George Orwell should be declared a modern hero. The Etonian rebel was an interesting character, for he voluntarily subjected himself to poverty for many years between Paris and London. He eagerly wrote about his dreadful experiences, sprinkling his writing with stories of the British Empire, from Marrakech to Burma. He echoed the oppression of indigenous peoples, often subject to the brutal shortcomings of imperialism. As a result, Orwell’s books are woven into the fabric of British society. He pioneered a political dictionary of phrases, including ‘Doublethink’, ‘Big Brother’, ‘freedom is slavery’, and ‘all animals are equal, but some animals are more equal than others’. These phrases come from his written commentary of the Soviet Union and other totalitarian regimes across Europe. After fighting in the Spanish Civil War against fascism, Orwell took on the responsibility of educating his readers from the frontlines.
As with many dystopian writers, Orwell made predictions that would come true several decades later. I once asked myself whether some political leaders used his infamous novel, Nineteen Eighty-Four, as a political bible. Principally, he predicted that technology and economic growth would lead to powerful, oligarchic regimes with concentrated wealth. Orwell’s writing is readable and that is one of the greatest things about it. He unravels his complicated observations into enriching narratives.
I shall list, in no particular order, which essays and books I would recommend you read. This week marks seventy years since the prolific author’s death, but his work and attitudes continue to live on, and I am thus proud to present the following recommendations.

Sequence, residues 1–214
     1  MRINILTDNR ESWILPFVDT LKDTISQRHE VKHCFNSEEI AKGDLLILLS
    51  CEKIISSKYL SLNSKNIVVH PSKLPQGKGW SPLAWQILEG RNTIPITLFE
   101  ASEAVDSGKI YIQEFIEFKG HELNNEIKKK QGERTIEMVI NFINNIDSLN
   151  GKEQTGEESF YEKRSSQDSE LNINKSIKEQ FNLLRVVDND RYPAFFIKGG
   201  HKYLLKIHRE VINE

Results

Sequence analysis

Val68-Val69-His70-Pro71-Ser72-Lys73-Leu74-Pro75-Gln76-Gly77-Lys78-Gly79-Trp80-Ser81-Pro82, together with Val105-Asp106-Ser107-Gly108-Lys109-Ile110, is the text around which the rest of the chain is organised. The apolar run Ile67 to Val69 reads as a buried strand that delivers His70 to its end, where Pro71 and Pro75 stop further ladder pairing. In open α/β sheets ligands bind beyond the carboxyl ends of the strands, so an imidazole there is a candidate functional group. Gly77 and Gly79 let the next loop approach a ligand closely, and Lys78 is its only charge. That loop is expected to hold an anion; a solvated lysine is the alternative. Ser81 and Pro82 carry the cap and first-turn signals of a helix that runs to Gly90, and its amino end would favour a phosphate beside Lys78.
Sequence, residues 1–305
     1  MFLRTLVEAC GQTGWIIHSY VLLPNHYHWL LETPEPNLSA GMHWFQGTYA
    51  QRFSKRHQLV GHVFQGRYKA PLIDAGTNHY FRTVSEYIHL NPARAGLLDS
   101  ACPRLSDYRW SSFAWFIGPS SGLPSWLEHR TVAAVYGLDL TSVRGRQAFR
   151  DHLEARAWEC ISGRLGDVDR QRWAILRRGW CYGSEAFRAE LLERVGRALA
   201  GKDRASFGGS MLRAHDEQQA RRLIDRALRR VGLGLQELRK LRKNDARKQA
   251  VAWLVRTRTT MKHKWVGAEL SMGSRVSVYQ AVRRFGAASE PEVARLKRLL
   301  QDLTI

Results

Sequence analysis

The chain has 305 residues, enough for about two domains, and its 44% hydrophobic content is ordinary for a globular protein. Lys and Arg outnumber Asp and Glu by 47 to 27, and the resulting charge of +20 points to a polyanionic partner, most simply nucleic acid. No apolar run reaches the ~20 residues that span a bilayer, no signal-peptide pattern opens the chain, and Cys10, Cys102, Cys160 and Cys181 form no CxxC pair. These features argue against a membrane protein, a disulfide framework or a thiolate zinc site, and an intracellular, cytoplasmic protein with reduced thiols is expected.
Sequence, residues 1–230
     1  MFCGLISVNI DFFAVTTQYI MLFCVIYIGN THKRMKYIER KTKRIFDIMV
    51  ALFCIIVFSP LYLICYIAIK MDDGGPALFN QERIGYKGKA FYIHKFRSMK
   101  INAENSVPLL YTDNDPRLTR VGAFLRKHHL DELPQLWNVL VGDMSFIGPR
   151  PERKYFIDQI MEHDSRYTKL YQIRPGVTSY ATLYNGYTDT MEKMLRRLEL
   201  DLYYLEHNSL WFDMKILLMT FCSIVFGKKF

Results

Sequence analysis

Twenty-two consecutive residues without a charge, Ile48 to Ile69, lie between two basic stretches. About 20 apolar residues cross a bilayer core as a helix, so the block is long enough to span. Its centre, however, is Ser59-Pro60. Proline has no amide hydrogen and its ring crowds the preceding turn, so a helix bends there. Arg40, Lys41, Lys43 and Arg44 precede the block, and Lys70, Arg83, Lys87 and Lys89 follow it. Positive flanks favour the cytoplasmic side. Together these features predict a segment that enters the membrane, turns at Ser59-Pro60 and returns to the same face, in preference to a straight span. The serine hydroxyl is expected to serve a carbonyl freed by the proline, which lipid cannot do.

A Hanging: an essay describing the tragedy of the abysmal justice system in Burma, a result of British colonial rule.
Why I Write: This essay is a lovely complement to Orwell’s other works. We directly hear from him and the burdens he felt as a writer.
The Spike: Orwell talks of his experience at a miserly workhouse. Workhouses were places where the destitute of British society would go and work for free, in return for food and accommodation.
Some Thoughts on the Common Toad: Orwell talks on the sublimity of nature and denies that it is a bourgeois exercise to seek pleasure from it.
Shooting an Elephant: Culture clashes can be traumatic, and this essay is an example of that. However, we are likely to take Orwell’s stance, because as the title suggests, this culture clash refers to the treatment of animals by officials.
Nineteen Eighty-Four: Perhaps you should start with Nineteen Eighty-Four, as Orwell offers a rich commentary of politics, economics and sociology, with an adventurous and heart-wrenching story.
Animal Farm: This novella can be read as a lovely bedtime story for children, but once you delve deeper, you will realise that Orwell has described the beginning of the end of the Soviet Union.
Why the Poor Die: While this is self-explanatory, Orwell is able to create a very clear image of what poverty was like in his time, but the sentiments still remain universal. This is a crucial essay, if one wants to feel empathy for those in need.
Politics and the English Language: Orwell gives the best tips on how to write well, with great context.
Pleasure Spots: Orwell talks about holidays. This is an insightful snippet of British culture, and how it has developed. All of the works I have suggested have major relevance today, even Pleasure Spots. The essay explains modern consumption habits and criticises mankind’s new methods of finding happiness.
While I am not a political leader who uses Nineteen Eighty-Four as a bible, Orwell’s books have provided me with much guidance. He is more than his criticism of left-wing and right-wing politics. He teaches the importance of peace against power, freedom against slavery and happiness against hatred. It is no wonder why today’s writers still roar on about Orwellian warnings and why the world is not as bad as it might be. Seventy years on, we have Orwell to thank for that.